You can take a nice hike around to look at the flowers and trees or you can drive around on the paved road.
There are some very unusual statues in the gardens. An interesting stop if you are around Bedugul
Pura Lahur Batukau is known as the garden temple. It sits at the foot of Gurung Baatukau, the second highest peak in Bali.
The temple is very important to the Balinese because of its geographical position.
The fact that Pura Luhur Batukau is an important temple is further stressed by the set of directions visitors are given.
I hope they don't consider us ' mad gentleman/ladies.'
The first thing I noticed were the male and female figures guarding the main gate, you see this all over and its repeated inside the temple. I think it means the male and female forces in the world are kept in balance.
There are 20,000 temples on Bali and this is one of the best examples of an untouristy one.
Starting from the Beggar's Bush pub at 9 am
several days a week you can go on a Bali Bird Walk.
It is a very interesting walk around the rice paddy fields. it lasts 3 hrs and costs $33 per person.
We had a very knowledgable lady lead our tour. We saw several birds and many ducks.
Every farmer seems to have his share
If you are staying at Klub Kokos, like we did, you must hire a taxi to take you to Ubud by way of the gravel road or you can walk.
There is a dirt walking path that will take you into Ubud's bustling commercial centre. Traffic is virtually non-existent in this beautifully tranquil rural setting. It is 1.5 km by taking the path. It goes beside some rice paddies, lovely Inns, the river, and other suprises on the way.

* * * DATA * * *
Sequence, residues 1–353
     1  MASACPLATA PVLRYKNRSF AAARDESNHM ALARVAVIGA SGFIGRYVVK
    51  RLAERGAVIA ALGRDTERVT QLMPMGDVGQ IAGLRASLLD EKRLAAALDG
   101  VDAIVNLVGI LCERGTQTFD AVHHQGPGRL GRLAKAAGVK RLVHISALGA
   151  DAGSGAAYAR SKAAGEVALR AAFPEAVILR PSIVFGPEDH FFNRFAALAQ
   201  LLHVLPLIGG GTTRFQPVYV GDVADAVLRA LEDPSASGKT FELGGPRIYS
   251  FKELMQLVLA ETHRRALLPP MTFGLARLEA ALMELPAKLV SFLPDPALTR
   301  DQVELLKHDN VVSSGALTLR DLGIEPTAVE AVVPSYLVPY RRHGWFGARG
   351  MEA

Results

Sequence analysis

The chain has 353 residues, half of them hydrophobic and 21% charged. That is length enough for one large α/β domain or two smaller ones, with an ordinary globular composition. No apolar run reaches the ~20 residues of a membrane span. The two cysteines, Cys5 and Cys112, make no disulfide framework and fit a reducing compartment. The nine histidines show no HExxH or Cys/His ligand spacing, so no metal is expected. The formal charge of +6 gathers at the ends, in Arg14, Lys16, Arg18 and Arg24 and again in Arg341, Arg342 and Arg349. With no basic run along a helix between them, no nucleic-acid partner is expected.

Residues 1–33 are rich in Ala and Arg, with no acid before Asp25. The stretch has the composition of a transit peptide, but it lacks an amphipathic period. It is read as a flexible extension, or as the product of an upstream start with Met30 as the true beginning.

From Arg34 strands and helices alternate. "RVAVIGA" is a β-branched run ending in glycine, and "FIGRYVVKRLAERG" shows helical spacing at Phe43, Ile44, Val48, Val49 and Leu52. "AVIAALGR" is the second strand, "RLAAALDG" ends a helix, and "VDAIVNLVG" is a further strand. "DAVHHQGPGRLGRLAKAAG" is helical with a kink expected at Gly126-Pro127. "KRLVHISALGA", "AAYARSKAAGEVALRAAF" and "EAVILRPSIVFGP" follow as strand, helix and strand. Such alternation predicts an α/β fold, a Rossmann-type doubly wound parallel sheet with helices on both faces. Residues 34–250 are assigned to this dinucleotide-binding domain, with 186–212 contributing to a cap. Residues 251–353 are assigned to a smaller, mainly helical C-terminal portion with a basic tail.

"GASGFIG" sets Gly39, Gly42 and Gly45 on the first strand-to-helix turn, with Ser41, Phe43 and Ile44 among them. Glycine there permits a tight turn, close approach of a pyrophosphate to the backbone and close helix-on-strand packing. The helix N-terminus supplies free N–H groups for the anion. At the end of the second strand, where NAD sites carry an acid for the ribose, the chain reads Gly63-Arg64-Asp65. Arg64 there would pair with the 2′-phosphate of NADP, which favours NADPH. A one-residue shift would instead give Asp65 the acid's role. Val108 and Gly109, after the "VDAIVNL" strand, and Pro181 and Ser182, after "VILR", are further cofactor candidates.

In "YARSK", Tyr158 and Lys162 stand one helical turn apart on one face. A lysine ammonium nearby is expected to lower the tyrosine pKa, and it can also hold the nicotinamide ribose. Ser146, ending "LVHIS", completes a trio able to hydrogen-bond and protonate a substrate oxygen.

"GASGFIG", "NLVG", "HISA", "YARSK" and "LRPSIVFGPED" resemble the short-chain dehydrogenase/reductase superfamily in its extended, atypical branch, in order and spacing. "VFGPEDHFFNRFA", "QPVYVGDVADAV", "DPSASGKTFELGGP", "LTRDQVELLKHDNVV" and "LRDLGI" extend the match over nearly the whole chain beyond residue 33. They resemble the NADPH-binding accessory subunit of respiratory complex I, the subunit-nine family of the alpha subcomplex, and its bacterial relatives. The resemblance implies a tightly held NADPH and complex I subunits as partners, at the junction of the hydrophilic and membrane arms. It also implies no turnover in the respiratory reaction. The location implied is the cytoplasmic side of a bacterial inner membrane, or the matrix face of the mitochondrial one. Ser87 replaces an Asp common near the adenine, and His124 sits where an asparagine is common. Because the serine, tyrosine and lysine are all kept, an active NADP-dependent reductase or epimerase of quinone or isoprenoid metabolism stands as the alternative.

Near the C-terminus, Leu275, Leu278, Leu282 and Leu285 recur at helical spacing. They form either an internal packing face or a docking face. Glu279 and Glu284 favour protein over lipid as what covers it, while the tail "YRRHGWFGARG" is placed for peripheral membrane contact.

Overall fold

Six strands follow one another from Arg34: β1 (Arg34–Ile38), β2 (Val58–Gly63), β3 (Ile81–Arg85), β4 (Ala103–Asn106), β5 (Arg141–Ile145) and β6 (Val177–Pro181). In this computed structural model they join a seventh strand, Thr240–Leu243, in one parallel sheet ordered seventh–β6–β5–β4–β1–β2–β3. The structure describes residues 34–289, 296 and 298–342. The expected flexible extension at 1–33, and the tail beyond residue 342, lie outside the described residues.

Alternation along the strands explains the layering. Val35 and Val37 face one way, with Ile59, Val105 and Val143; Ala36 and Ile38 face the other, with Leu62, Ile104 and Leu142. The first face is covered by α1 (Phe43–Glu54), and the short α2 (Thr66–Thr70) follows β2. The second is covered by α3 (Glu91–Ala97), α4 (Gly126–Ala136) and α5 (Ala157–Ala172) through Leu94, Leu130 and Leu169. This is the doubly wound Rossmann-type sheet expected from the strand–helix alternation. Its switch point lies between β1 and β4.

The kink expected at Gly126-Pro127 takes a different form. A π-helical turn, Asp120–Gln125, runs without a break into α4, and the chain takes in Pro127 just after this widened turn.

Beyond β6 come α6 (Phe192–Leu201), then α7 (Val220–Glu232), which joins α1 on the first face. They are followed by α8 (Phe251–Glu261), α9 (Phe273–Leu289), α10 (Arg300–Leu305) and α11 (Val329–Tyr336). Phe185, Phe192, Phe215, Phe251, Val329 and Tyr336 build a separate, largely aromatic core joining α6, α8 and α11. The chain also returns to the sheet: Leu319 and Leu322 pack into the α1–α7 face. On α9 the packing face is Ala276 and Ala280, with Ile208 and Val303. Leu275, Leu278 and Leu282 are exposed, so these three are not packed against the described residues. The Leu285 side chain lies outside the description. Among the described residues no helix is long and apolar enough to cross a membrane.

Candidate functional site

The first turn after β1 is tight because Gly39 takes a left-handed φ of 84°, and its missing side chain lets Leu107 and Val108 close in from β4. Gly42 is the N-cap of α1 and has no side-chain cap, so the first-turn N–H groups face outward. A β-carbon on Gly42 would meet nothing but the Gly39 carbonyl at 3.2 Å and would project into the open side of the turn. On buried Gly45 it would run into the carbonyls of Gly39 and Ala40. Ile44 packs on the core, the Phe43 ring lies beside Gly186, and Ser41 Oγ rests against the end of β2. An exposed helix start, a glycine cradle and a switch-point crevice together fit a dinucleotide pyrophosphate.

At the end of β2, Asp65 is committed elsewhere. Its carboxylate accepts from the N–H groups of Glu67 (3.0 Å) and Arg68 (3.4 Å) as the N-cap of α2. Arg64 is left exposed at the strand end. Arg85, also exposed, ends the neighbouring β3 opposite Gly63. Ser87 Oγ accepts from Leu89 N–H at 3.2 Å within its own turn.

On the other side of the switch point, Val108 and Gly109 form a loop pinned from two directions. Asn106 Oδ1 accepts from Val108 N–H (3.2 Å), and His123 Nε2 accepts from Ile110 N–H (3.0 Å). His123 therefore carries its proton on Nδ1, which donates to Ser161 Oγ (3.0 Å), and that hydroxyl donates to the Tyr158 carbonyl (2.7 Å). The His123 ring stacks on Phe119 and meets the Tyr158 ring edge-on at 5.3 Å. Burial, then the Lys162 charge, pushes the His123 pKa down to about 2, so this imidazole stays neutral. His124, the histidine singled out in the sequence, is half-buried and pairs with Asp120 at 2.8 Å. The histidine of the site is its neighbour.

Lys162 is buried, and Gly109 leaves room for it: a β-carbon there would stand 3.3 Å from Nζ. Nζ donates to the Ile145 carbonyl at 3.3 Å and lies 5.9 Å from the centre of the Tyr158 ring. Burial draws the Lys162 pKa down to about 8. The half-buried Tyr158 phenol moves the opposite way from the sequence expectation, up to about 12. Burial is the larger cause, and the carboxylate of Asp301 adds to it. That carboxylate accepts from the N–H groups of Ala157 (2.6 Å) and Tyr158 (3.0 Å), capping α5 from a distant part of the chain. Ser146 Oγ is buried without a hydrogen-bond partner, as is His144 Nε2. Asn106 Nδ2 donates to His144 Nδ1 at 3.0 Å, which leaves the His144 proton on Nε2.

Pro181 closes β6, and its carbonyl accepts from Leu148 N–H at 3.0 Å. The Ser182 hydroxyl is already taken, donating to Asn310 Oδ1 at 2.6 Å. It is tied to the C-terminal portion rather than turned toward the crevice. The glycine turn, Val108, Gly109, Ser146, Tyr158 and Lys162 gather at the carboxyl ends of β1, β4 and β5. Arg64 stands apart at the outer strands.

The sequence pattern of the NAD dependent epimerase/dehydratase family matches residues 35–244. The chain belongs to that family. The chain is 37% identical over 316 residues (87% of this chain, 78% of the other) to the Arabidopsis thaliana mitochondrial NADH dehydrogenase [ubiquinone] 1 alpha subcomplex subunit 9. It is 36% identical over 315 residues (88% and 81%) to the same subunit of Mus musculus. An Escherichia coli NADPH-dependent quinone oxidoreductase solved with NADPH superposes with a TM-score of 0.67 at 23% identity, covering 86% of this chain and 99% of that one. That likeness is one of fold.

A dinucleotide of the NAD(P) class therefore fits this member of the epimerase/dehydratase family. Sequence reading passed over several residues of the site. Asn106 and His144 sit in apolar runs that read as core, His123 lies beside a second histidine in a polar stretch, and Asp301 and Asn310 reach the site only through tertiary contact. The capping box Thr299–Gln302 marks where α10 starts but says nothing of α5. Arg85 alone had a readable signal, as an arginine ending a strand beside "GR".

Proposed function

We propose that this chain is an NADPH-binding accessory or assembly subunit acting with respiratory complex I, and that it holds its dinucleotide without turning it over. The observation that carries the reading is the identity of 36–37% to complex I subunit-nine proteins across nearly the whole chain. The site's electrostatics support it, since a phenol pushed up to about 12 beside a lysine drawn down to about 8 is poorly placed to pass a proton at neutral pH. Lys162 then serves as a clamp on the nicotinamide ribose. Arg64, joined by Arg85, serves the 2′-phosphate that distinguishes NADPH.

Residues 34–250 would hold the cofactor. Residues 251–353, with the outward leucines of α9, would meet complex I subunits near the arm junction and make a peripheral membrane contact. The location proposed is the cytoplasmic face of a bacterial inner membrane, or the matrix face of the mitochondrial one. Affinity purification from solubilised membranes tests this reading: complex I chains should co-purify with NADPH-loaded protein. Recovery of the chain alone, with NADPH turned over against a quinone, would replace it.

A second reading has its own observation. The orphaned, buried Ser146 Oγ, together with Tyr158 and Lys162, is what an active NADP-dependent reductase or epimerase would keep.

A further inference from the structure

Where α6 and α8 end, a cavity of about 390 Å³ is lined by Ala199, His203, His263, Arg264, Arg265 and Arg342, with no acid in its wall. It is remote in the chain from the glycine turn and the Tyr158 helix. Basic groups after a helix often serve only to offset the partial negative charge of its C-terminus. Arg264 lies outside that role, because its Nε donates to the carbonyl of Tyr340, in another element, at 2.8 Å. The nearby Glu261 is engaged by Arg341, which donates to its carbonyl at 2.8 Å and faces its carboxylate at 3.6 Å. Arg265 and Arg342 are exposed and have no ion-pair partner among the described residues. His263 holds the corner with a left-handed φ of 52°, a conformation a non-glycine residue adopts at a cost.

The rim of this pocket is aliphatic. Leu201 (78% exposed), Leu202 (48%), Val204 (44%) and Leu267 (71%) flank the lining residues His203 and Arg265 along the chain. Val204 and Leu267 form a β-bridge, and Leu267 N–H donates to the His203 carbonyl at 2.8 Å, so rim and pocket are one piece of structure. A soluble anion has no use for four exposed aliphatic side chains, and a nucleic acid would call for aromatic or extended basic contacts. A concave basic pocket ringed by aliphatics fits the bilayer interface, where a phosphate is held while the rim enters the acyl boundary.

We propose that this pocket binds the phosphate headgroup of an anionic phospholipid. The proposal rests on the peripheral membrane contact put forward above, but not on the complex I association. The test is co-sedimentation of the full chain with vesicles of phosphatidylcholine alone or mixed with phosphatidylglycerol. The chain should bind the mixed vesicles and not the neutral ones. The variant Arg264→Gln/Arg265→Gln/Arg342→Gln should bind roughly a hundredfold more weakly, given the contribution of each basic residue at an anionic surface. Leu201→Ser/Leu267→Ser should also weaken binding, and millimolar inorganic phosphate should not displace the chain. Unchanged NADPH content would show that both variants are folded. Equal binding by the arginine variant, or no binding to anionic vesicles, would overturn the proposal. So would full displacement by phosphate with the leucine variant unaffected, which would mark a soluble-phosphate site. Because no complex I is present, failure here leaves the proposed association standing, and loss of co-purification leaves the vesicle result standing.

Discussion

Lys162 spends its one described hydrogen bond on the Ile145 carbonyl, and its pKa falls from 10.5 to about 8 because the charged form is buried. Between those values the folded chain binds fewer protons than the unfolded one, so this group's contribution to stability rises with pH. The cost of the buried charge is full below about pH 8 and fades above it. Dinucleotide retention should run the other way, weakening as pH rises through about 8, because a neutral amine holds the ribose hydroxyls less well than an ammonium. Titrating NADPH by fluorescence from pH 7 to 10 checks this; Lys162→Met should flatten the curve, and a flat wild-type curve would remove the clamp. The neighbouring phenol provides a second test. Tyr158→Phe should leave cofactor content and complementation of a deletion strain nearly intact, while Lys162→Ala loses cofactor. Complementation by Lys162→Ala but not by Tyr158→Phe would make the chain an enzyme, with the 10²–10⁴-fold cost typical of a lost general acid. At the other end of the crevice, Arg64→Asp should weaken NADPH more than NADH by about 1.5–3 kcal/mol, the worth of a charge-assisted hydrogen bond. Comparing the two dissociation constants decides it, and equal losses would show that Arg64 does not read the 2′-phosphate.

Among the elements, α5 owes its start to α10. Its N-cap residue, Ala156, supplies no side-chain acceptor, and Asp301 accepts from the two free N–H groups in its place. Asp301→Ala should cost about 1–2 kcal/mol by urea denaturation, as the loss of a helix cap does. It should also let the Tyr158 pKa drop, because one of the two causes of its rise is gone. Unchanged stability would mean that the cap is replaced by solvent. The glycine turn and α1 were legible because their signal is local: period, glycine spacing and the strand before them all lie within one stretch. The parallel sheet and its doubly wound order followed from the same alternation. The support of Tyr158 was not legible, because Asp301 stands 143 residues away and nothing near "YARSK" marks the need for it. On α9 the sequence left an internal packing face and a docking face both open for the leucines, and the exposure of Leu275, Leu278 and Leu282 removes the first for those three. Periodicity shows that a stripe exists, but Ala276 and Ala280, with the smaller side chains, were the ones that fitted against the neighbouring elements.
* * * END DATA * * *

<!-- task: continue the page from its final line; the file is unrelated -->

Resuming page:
Gunung Kawi is one of the oldest temple complexes in Bali and we visited it on one of its 6-monthly festival days! The entire village had turned out and were carrying huge amounts of offerings to the temple for blessing (Can you see the roast chicken?)
Every temple of any size has at least one festival every year so it well worth visiting one if you get the chance.
In a village near Ubud, thousands of crannes arrive at sunset and roost in the trees. We were the only "visitors" there on the evening we went. Children take a small entry fee-a dollar will do-and keep track of where people have teaveled from....the the birds arrive...huge and by the hundreds...fantastic! Any hotel in Ubud could arrange for a car...unfortunately we never learned the name of the village, but all the staff at our hotel knew about it.